Petite Anna from By Hand of London

Anna-at-Greenway I’m sitting here with my leg on a chair and a bag of frozen peas draped around my ankle. 17 days after spraining my ankle whilst out running it’s still swollen and sometimes painful. My physio tells me that it’s heading in the right direction pretty much as she’d expect it to but chances are it’ll still be another 3 – 4 weeks before I can run.

Oh well….. there’s always sewing 🙂 And there has been plenty going on recently, but first I need to get my summer makes out of the way!

I’d forgotten how hectic the summer months get. I had thought that I’d get some sewing done over the school holidays but this year, for some reason, my girls decided that they were going to fall out, scream ‘I hate you’ (generally at each other, occasionally at me!) and go into complete meltdown on a regular basis.

I did however manage to make a dress for ME!!! That was before I realised that the start of term was looming and I needed to get myself together so that the girls both had things to wear – more on that soon.

Last year, I had wanted to make Colette’s Hawthorn but ummm’ed and ahhh’ed over it, mostly because I knew that I was going to have to do an SBA (small bust adjustment) and well, couldn’t quite bring myself to it, plus the fabric that I’d chosen to make it in is a striped seersucker and, well, I couldn’t face the pattern matching either!! Does anyone else get like this?

Anyway, fast forward to this year and I was still procrastinating. For some reason (probably a bit too much reading of Lynne’s blog Ozzy Blackbeard!!), I changed tack completely and downloaded By Hand of London’s Anna dress. Now I know you don’t need to read many sewing blogs to see them cropping up with regularity but the style really appealed to me.

I started off sewing it as is – no alterations. I was pretty confident it wouldn’t fit but I was willing to give it a go! It was obvious I needed a SBA and a few other changes too. Four muslins later, I’d done a 1″ SBA, a small back adjustment and a similar change to the front as well as raising the neckline. I only did a muslin of the bodice, mostly because by this stage I’d had enough!! Despite being 5′ 1″, I didn’t find that I need to shorten the bodice or the length ( I used the PDF  pattern) but I guess that most of the other changes I made are in line with changing something to fit a petite frame.


SBA’s, I find aren’t discussed with as much regularity as their larger sister the full bust adjustment (FBA). When looking for instructions on how to do an SBA, I’ve often found that you’ll simply see ‘just do the opposite of a FBA’. For those who have been puzzling over the exact same statement, I’ll explain. In a FBA adjustment you draw your adjustment lines on the pattern, cut and move the pattern pieces apart. If you’re doing a SBA, you draw the exact same adjustment lines, cut and this time move the pattern pieces together so that they overlap. How much you overlap them by will depend on  how much you need to reduce the cup size by. A muslin can help determine this by pinching out the excess fabric and measuring it. I did see a reference chart on Pinterest recently but I’m not sure it’s incorporates the full picture.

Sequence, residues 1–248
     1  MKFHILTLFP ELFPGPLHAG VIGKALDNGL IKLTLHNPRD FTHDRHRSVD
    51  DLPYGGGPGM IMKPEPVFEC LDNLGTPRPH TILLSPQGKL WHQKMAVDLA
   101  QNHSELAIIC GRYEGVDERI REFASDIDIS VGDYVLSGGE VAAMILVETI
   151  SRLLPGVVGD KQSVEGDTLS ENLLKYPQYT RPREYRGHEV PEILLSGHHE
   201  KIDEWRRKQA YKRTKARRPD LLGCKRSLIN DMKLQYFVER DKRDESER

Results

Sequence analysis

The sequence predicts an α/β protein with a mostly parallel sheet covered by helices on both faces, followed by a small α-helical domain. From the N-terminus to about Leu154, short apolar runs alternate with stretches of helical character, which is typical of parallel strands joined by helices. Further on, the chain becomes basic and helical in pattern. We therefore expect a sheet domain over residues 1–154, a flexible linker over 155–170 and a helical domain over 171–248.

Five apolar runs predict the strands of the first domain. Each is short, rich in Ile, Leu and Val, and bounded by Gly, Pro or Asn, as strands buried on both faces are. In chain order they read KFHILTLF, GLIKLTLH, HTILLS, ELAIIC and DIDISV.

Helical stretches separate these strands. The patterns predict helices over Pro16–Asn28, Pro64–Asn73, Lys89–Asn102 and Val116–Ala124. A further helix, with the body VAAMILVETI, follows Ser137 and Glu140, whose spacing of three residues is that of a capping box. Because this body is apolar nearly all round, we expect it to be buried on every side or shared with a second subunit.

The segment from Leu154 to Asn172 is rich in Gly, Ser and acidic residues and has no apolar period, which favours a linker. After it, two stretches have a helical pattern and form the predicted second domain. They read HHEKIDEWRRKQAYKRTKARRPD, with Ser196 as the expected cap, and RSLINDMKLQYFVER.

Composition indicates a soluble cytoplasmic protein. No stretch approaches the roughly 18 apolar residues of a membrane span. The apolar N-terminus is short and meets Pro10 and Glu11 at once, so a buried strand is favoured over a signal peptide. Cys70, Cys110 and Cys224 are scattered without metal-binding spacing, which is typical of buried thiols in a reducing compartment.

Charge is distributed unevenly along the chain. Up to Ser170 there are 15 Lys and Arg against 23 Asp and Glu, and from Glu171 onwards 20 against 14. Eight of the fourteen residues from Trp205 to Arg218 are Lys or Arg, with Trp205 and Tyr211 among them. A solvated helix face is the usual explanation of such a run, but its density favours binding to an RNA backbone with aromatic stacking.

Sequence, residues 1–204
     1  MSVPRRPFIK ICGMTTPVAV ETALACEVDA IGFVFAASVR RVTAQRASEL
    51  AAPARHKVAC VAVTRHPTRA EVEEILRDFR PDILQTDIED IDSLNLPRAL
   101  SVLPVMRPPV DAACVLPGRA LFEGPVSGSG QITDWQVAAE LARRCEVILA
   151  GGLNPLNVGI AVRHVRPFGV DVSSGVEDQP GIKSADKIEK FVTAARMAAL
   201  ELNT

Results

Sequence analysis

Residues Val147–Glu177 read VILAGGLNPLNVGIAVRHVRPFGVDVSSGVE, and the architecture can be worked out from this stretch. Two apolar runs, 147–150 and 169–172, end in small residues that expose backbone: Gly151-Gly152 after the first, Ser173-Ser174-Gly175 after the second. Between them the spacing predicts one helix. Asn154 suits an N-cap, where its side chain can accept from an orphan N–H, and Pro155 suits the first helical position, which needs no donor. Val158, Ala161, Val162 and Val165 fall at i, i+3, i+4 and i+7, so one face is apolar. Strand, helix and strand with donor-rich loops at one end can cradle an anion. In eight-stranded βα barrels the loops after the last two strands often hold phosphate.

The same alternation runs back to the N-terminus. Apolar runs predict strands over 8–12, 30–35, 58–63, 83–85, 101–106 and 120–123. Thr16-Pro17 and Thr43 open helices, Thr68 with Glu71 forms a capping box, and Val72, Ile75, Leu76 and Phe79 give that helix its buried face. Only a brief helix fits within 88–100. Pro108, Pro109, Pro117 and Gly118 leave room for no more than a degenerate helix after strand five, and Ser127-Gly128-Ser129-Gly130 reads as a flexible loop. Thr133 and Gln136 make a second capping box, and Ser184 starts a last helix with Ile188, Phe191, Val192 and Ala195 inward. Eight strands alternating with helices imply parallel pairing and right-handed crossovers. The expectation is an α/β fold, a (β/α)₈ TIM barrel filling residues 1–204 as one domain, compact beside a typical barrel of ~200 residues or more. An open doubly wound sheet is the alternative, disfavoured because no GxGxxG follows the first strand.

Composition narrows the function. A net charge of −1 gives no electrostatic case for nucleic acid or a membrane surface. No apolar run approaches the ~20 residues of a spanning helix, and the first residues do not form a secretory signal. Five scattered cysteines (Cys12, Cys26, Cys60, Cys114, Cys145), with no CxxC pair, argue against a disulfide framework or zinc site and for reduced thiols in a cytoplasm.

Fit wise, I’d still like to see a few changes – the shoulders are too wide for me and the neckline doesn’t always sit very well most probably because the shoulders are too wide. Because I hadn’t muslined the skirt and my alterations had meant that the pleats on my bodice had moved, the paneled skirt didn’t line up with the pleats as I imagine it is meant to. I’m sure most people wouldn’t spot that, but the perfectionist in me wants to line them all up.

I had chosen the v neckline on purpose, as normally I’d have gone for the slash neck but I was sewing it to go with a Myrna cardigan as part of Lauren and Andi’s OAL (Outfit Along)

The least said about that the better …. but maybe I’ll share with you one day as there are always lessons to be learned.

The fabric is a cotton lawn from Stone Fabrics and I lined it with an off-white lightweight cotton poplin on their recommendation. And they were spot on, if I had lined it with a darker colour it would have shown through on the lighter coloured flowers.

I really love this dress – despite its minor imperfections – and it has been a bit of a wardrobe staple throughout the summer. I had completely forgotten how easy dresses are to wear and the lack of wardrobe dilemmas involved!


Well that could be summer all wrapped up. I’m looking forwards to getting some autumn and winter sewing underway, finishing off my first White Tree Fabrics make and getting on with some winter knitting.

How about you? Are you mourning the passing of summer or looking forwards to those cosy knits and snuggly coats?


3 thoughts on “Petite Anna from By Hand of London

  1. Why are you a stranger to dresses? I love them, they are a a real no brainer for me in the mornings and you look fab in that one. See you at knitting then?? Jo x

  2. Your Anna is gorgeous! I love that fabric so much. Isn’t Anna such a great pattern, there’s so much hacking potential. Do you have any more planned, because it’s hard to stop at just one!

    • You’re so right, very hard to stop at one. It’s such an easy, wearable style. My original plan had been to make a crepe de chine version and that’s still up there and I think I’d like to have a go at lengthening the sleeves for a winter one, perhaps using some wool challis. Do you have plans for another? 🙂

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